Late Update: Leave it to me to give President Bush too much credit. A number of readers have touched on an aspect of the Afghan War I neglected above. Outsourcing the ground component of the Afghan War not only affected out ability to 'win the peace' in Afghanistan, it also played a very direct role in our failure to bag bin Laden himself in the mountains of Tora Bora. And that, of course, was like the main reason we were there in the first place. So maybe, after all, it was classic Bush. Great on day one, great pictures, but in the end a dismal failure.

Here's another question I've been tossing around in my head.

Can you think of any policy-decision or action President Bush has taken in his five-plus years in office that didn't enjoy its greatest popularity on day one and then become more or less consistently less popular over time?

It's true that we're in the nadir of the Bush presidency. So now probably isn't the best time to lay down the marker. But pick any other dates -- 2001 to 2005, 2002 to 2004.

The other way to frame the question is this: Can you think of a policy-decision the president has made or an action that he took that wasn't popular when he took it, or was deemed ill-advised at the outset, but has become more popular with time or is now generally regarded as a good decision?

Some examples spring to my mind. Gerald Ford's decision to pardon Richard Nixon did him great damage at the time. I think history has viewed it much more positively. Bill Clinton's 1993 tax hike -- really, really unpopular at the time, but became much more popular in retrospect. There are numerous other examples. But can you think of one for President Bush?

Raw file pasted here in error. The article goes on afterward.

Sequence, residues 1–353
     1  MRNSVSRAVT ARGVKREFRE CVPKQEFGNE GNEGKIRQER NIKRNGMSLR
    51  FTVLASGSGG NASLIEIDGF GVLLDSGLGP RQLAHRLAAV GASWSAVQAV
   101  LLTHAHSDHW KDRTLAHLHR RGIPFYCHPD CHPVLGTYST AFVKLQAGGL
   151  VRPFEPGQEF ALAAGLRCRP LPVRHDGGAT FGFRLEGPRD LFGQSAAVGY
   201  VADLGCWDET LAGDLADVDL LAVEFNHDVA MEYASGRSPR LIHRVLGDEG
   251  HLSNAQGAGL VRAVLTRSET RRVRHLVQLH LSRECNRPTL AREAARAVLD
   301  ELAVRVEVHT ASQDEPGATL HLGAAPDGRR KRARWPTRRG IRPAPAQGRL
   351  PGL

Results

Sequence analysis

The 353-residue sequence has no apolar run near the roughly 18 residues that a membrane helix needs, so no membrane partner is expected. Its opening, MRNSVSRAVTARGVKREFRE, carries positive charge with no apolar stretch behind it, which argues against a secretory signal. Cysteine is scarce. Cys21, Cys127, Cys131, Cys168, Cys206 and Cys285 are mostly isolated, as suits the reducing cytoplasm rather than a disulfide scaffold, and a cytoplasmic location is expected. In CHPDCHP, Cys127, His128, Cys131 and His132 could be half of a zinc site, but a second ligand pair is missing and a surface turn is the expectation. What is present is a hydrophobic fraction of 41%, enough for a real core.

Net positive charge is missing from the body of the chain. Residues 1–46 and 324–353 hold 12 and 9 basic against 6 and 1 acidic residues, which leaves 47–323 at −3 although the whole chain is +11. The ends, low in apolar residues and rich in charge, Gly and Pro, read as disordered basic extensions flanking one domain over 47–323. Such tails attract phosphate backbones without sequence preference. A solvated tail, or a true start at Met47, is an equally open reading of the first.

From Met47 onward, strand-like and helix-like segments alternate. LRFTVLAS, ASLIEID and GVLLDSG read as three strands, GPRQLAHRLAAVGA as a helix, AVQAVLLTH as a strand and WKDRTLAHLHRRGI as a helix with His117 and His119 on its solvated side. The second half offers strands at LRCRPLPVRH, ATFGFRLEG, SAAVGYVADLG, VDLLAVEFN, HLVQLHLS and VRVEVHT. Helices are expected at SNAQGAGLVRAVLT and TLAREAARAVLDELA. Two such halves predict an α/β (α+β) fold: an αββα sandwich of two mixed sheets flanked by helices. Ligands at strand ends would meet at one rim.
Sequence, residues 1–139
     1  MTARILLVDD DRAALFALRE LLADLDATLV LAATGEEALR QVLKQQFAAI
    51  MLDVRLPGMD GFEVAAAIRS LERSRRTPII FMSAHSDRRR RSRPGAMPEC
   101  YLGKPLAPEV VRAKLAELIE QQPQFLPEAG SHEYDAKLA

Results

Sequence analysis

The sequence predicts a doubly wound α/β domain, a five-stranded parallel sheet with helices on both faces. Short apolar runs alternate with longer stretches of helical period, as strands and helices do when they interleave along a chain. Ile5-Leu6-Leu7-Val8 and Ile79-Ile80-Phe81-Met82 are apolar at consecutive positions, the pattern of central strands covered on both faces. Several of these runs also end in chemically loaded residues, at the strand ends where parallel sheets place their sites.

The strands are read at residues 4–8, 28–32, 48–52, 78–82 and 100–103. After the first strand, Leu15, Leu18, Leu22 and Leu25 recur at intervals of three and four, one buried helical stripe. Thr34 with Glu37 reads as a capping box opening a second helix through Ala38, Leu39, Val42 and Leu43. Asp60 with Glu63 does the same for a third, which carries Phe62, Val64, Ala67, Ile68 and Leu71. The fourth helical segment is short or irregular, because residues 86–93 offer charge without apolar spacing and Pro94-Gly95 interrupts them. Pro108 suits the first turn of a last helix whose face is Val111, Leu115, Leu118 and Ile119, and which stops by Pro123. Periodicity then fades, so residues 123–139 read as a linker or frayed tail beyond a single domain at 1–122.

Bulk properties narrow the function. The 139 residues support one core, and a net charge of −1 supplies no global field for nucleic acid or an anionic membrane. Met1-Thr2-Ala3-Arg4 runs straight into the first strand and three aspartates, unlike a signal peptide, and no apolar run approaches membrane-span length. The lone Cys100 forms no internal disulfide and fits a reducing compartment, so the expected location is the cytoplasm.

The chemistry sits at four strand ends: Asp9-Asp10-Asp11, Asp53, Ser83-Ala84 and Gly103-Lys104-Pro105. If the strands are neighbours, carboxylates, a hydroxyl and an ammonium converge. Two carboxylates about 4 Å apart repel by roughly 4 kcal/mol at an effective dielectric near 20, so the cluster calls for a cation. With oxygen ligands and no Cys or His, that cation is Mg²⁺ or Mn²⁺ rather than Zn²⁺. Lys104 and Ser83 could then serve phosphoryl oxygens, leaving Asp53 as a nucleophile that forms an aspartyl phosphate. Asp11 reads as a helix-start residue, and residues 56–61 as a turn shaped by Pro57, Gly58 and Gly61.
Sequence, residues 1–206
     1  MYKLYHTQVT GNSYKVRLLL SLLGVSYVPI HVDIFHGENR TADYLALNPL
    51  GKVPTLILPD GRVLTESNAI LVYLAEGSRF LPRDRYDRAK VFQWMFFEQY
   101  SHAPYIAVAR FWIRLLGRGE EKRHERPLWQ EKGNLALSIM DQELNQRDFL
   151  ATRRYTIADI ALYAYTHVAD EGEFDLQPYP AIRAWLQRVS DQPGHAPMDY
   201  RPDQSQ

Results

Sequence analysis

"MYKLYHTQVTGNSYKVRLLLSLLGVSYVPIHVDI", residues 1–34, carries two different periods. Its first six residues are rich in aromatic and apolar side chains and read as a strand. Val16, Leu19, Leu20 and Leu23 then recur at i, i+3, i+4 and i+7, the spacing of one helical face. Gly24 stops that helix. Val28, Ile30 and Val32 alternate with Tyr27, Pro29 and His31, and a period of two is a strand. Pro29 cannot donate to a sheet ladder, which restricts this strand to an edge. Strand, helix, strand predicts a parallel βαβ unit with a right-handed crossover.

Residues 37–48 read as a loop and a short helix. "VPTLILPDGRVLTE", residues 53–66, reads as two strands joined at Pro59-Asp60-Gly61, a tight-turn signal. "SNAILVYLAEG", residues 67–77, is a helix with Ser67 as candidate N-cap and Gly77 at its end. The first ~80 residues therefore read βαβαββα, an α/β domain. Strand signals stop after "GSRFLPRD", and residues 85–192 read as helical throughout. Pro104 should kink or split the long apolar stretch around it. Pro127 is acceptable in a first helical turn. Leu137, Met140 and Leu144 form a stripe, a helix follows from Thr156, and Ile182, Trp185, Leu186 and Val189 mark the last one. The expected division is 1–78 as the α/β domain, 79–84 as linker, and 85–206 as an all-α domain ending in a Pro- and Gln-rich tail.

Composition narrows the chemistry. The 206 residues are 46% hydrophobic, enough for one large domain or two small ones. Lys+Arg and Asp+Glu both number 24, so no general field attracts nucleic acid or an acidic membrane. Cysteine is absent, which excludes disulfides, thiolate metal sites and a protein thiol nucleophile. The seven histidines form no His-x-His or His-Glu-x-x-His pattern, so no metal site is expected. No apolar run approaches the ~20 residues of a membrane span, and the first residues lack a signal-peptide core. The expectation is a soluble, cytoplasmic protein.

What I think is meaningless -- I'm a consistent critic. But to the extent we can ascertain such things as public opinion judged by polls or elite consensus opinion judged through other means, is there anything from President Bush that falls into this category?

This isn't a rhetorical question -- though I think I have a good sense of the answer. Let me know. And again, don't just go by your personal opinions. Think about public opinion in general or consensus establishment opinion, and try to come up with something from President Bush that has worn well, rather than poorly, over time.

In his front page piece in Thursday's Post, Dan Balz writes: "Realigning the White House staff and bringing in new faces appear central to [the] effort ... to revitalize this presidency quickly enough to avoid crippling GOP losses in November that could thrust Bush into instant lame-duck status."

But I can't get past this point of, where are the new faces?

It's like they cannot take on anyone who hasn't a) already taken the Bush omerta or b) works currently for Fox News.